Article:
K&L Gates Global Government Solutions 2012: Annual Outlook ®

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An Excerpt From:
K&L Gates Global Government Solutions ® 2012: Annual Outlook
January 2012
Betting and Gaming and Entertainment
Online Gambling in the European Union: Was 2011 a Landmark Year?
2011 may prove to have been a turning point in the regulation of online
gambling in Europe.
Until now, the European Union’s
institutions (with the exception of the
Court of Justice of the European Union
(CJEU)) have been reluctant to intervene
in an online gambling market which
has become increasingly divided along
national boundaries. The 27 EU member
states have differing cultural, legal, and
fiscal approaches to the online gambling
industry—some support a state-sponsored
gambling monopoly operator, while
others have opened their markets to
licensed operators within a regulated
framework. However, even these national
regulated frameworks vary enormously,
and the principle of mutual recognition
of licensed operators from other member
states is rarely applied.
As a result, online gambling operators
providing cross-border services in Europe
must navigate an inconsistent patchwork
of regulated, gray, and restricted markets.
Further, the CJEU has had to deal with a
stream of cases concerning the conflict
between the restrictive online gambling
laws of many member states on the
one hand, and the freedom to provide
services enshrined in the Treaty on the
Functioning of the European Union (EU
Treaty) on the other.
However, 2011 has seen the European
Commission publish a green paper on
online gambling, and the European
Parliament issue an own-initiative report
on the topic.
European Commission Green Paper
In 2011, the European Commission’s
green paper on online gambling
launched a public consultation covering
the regulation of gambling and related
services (including advertising and
sponsorship) in Europe, enforcement, and
public policy issues.
That consultation closed in July 2011,
and the commission is now considering
the responses. It is unclear what the
next steps will be: it may be that the
consultation is followed by a white paper
setting out policy options influenced by
the information gathered, and, perhaps,
a legislative proposal thereafter. However,
it seems extremely unlikely that the market
will be harmonized, or even that member
states will be prepared to adopt a policy
of mutual recognition toward gambling
operators established in other member
states. Any such developments would
require the support of member states
who, until now, have rarely reached
agreement on the topic. However, as
described below, the commission has now
been given some clear guidance by the
European Parliament.
European Parliament Report
On November 15, 2011, the European
Parliament adopted its own report on
online gambling in the internal market
(the Creutzmann Report).
Given that the member States differ
greatly on this issue, it is no surprise
that the Creutzmann Report rejected
legislative uniformity within the internal
market and supported the discretion of
individual member states to make their
own gambling policy, so long as it is
proportionate and non-discriminatory.
Nevertheless, the report still represents
a change of direction from the
European Parliament in favor of the
regulated online gambling industry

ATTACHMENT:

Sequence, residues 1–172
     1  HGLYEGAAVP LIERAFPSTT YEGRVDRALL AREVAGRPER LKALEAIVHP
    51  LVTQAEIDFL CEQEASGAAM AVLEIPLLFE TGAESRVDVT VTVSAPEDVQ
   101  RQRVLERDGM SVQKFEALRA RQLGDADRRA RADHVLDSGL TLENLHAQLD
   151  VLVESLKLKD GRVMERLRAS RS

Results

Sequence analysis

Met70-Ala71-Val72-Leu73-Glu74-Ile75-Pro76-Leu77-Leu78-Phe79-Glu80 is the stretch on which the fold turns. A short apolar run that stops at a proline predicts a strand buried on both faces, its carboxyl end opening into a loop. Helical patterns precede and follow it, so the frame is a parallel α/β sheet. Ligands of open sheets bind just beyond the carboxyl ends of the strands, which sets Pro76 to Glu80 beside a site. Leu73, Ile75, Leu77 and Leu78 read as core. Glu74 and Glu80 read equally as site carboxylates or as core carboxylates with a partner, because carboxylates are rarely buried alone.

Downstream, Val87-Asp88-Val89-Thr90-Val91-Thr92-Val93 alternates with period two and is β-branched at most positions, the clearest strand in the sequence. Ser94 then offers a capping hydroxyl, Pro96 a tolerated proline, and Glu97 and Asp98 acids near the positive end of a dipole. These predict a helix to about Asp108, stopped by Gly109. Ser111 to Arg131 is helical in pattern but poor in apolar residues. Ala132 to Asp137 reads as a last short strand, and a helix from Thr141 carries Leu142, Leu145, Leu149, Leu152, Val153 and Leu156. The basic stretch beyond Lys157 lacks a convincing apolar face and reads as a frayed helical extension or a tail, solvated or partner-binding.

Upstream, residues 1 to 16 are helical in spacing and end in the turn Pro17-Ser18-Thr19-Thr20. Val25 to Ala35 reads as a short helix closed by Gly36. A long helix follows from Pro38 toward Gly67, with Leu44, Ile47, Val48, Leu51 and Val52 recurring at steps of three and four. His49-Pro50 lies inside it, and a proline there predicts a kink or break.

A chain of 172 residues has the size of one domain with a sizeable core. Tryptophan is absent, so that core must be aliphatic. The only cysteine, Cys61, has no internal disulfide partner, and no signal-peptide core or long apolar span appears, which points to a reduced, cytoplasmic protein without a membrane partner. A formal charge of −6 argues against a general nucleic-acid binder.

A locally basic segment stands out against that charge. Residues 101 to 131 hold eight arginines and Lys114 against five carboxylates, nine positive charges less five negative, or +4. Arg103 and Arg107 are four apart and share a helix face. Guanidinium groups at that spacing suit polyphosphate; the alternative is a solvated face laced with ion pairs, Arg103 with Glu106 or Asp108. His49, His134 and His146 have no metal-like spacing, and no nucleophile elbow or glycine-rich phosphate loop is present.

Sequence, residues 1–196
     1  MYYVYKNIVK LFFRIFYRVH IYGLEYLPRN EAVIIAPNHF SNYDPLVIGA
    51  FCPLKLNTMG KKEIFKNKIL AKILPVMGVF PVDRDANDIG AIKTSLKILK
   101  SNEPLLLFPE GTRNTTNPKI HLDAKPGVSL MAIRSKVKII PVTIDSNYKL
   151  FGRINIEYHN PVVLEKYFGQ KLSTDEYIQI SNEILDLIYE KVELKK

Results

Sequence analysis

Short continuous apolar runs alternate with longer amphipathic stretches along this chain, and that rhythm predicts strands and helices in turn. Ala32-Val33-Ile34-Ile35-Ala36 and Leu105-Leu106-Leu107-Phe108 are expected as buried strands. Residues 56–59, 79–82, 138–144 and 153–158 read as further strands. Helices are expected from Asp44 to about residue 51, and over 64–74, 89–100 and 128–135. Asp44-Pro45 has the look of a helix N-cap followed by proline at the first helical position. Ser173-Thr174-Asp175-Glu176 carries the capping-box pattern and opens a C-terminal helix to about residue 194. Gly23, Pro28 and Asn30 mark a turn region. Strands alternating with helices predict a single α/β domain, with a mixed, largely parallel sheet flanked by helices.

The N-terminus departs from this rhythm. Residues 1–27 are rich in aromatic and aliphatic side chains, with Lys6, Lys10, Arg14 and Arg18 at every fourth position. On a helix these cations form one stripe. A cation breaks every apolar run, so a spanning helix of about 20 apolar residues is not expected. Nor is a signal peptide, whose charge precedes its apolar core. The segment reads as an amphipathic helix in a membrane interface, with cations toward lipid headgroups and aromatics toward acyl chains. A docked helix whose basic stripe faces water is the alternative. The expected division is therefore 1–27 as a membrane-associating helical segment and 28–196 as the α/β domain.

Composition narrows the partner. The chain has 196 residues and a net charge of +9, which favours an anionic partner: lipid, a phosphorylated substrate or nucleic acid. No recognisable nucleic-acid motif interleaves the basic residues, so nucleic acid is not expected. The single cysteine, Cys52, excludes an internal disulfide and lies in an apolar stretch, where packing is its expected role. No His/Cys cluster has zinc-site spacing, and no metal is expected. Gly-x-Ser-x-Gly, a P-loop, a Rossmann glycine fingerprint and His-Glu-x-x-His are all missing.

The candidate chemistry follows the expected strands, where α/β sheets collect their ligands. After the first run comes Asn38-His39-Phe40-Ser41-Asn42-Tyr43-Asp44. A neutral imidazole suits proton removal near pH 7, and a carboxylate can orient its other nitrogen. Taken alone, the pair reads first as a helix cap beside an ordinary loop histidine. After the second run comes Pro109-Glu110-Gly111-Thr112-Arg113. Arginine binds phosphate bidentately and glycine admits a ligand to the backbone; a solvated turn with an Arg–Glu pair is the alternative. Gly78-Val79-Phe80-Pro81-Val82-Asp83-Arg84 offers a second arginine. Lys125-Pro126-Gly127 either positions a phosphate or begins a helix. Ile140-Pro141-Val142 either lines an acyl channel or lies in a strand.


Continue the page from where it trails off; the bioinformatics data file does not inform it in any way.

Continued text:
and demonstrates a new emphasis on
cooperation between member states and
upholding EU Treaty principles in the
sector. Importantly, the report urges the
commission to take a more active role
to pursue infringement proceedings, to
uphold EU Treaty principles in favor of
EU-licensed operators, and to consider
introducing common standards and a
framework directive.
The report represents a change of direction in favor of
the regulated online gambling industry.
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K&L Gates Global Government Solutions ® 2012 Annual Outlook
Betting and Gaming and Entertainment
It is also particularly interesting that the
Creutzmann Report recommends that
a controversial property right for sports
event organizers, along the lines of the
“fair return” mentioned in the commission’s
green paper, should be recognized.
While that is merely a recommendation,
if implemented it could mean that sports
organizations would be able to charge
gambling operators for the privilege of
taking bets on their events.
Conclusions
It is welcome that both the European
Parliament and the European Commission
have decided that this issue could benefit
from some central policy guidance.
What happens next is less certain: the
Creutzmann Report is non-legislative, and
the timing and the nature of the next steps
from both the European Parliament and
the commission are unclear. With such
divergent attitudes towards the regulation
of gambling among member states, it will
be difficult to forge any real progress in
the short to medium term.
discriminatory, or disproportionate. We
may also see a greater degree of legal
certainty for the industry in the future, and
increased cooperation between regulators
in different member states.
The events of the next few years promise to
be just as significant as the one just past.
Warren L. Phelops (London)
[email protected]
Andrew R. Danson (London)
[email protected]
At the same time, the tide may be turning
against the state-sponsored gambling
monopoly model in the European Union—
at least where member states’ gambling
policies can be shown to be inconsistent,
K&L Gates Global Government Solutions ® 2012 Annual Outlook
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